It seemed like a really good opportunity to give the team something to get stuck in because we were just a small team of eight. Nintendo contacted Microsoft through our contacts. [producer Ken Lobb]with whom we played a lot before.

Everyone wanted it. For Activision, it was free money; for Microsoft, they saw it as a way to get really big on Xbox Live Arcade when there really weren’t millions in sales before. We didn’t know the details, we just thought that Nintendo should do what they want. Perhaps they thought we would make a direct port on our side.

The team seemed to get to work before the ink was dry (or indeed, before there was any ink on the contract), and Tilston recalls how the question of project feasibility was a recurring theme throughout development:

We sent a weekly report to Microsoft to keep them informed and happy, but there were always problems from our side: “did we sign the contract?” And it became a common joke for a while because things were going so well, apart from this aspect that we had no control over. We synced every month and asked, “They haven’t signed up yet? Is the deal done?

The longer it went on, the more you started thinking, “Hmmm, something is wrong here.” We started by realizing that Nintendo is perfectly happy and Microsoft is completely happy. I suppose they were rarely happy that we were doing this, and they just let us continue.

Instead of eight people doing nothing all day, we tried to take the initiative and achieve something positive for the company. It wasn’t until towards the end that we realized that someone at Nintendo was not asking or getting permission from whoever really needed to be asked.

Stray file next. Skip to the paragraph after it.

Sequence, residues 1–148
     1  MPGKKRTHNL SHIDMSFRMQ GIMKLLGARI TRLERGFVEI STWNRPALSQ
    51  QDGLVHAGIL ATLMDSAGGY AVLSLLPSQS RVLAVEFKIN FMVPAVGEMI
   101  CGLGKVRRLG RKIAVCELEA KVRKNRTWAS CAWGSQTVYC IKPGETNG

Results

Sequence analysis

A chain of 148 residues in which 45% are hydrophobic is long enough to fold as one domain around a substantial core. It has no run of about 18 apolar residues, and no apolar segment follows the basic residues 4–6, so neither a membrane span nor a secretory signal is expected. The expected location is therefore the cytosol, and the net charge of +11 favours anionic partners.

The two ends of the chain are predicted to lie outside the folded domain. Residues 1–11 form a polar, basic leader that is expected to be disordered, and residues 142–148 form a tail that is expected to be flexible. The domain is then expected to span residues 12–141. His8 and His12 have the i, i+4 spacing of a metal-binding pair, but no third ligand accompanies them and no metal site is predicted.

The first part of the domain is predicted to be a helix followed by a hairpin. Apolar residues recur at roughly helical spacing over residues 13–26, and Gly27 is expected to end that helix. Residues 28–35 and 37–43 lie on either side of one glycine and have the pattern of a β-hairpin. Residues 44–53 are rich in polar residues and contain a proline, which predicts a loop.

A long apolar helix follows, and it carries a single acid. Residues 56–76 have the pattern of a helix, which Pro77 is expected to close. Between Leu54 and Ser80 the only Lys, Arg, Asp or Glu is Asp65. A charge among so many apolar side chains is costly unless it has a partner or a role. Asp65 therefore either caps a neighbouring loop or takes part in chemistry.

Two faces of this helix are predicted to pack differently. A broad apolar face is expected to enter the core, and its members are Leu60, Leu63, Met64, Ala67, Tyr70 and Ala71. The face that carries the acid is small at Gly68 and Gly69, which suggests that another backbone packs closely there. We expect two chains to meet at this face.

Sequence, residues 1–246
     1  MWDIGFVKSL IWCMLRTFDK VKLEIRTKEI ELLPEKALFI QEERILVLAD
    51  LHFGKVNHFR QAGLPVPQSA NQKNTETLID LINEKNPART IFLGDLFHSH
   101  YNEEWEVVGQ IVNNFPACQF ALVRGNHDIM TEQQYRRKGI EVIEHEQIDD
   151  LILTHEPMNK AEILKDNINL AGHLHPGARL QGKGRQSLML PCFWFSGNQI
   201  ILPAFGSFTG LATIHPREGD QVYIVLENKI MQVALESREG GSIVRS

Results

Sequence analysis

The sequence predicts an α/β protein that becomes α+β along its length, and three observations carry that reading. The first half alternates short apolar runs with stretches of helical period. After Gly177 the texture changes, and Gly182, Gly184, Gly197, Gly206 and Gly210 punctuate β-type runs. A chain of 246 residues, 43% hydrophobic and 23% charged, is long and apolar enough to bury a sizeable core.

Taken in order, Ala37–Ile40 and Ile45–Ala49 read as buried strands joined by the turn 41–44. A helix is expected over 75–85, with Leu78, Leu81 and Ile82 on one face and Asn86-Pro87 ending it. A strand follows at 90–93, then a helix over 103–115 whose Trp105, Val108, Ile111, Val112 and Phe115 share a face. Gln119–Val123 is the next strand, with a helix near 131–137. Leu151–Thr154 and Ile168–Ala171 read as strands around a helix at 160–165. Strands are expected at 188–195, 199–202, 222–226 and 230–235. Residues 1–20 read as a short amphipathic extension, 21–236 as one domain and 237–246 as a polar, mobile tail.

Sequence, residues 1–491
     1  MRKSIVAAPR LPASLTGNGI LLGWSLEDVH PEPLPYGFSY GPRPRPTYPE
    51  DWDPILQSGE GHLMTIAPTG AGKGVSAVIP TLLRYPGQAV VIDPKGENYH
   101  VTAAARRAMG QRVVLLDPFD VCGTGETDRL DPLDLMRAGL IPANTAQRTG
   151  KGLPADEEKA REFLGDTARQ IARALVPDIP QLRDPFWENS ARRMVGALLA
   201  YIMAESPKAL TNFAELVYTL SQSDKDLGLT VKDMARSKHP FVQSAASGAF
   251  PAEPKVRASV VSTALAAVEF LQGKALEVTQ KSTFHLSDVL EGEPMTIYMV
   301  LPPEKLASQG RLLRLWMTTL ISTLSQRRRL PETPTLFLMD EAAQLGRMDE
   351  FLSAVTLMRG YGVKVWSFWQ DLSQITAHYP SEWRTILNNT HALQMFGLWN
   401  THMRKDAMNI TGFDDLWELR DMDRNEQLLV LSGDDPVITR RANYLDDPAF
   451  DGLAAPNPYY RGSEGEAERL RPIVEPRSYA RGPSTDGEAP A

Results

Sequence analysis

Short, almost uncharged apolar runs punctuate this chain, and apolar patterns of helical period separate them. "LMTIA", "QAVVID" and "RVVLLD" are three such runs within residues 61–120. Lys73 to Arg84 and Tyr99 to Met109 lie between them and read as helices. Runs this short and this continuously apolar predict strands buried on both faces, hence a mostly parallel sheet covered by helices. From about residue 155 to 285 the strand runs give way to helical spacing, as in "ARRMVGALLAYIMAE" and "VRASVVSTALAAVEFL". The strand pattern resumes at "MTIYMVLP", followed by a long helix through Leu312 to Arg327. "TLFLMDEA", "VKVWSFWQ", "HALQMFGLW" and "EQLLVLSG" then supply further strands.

GoldenEye XBLA Team, Top Left: Chris Tilston, Chris Woods, Mark Edmonds, Laurie Hurray, Dave Herod.  Bottom left: Ross Berry, Sergei Rakhmanov, Keith Rabbett
GoldenEye XBLA Team, Top Left: Chris Tilston, Chris Woods, Mark Edmonds, Laurie Hurray, Dave Herod. Bottom left: Ross Berry, Sergei Rakhmanov, Keith Rabbett (Image: Ross Bury)

Edmonds adds that the team was under the impression that the approval was received:

I’m sure that at some point we all as a team were told that everyone was approved. I can’t remember when it was, but I remember someone telling us that everyone approved of it and that it was good. Something must have changed after that.

This “something” is believed to have become known to Nintendo that this project – which apparently has not yet been officially approved – is still in active development. When the exact reason for canceling the game is explained to him, Tilston replies:

For our part, we just heard that one group didn’t want to do this anymore – or were unhappy that a game that they thought originated on their platform had moved to the Xbox. I can understand that. Looked at from a purely mechanical point of view, Nintendo paid for the game originally for its platform – without them, it would not exist.

But we thought everyone was happy with it, otherwise we would not have jumped on board. Well, I think we jumped aboard pretty quickly – we started it pretty quickly and a lot of people dived before they could be overclocked by other teams. We started it before it was approved, but after a couple of months we made sure everyone was for it and we have all their support.

Tilston adds that, in his opinion, Nintendo was the reason for the cancellation of the game, not Activision, MGM or Eon. Edmonds agrees:

I don’t remember hearing anything from Eon or MGM. I’m not even sure they were involved at all. I don’t even know if they would have to approve the project or not.

Keep in mind that Tilston and Edmonds would not be involved in high-level discussions between Nintendo, Rare, Microsoft, Activision, or any of the bondholders, but given that they saw no evidence that MGM and Eon there was a problem. Based on the content of the game, it might seem like Nintendo is ultimately the company most responsible for the GoldenEye XBLA not being released.

So, will GoldenEye remaster officially come out sometime? Speaking to Ars Technica, Edmonds says:

I don’t see this happening unless Microsoft buys Nintendo.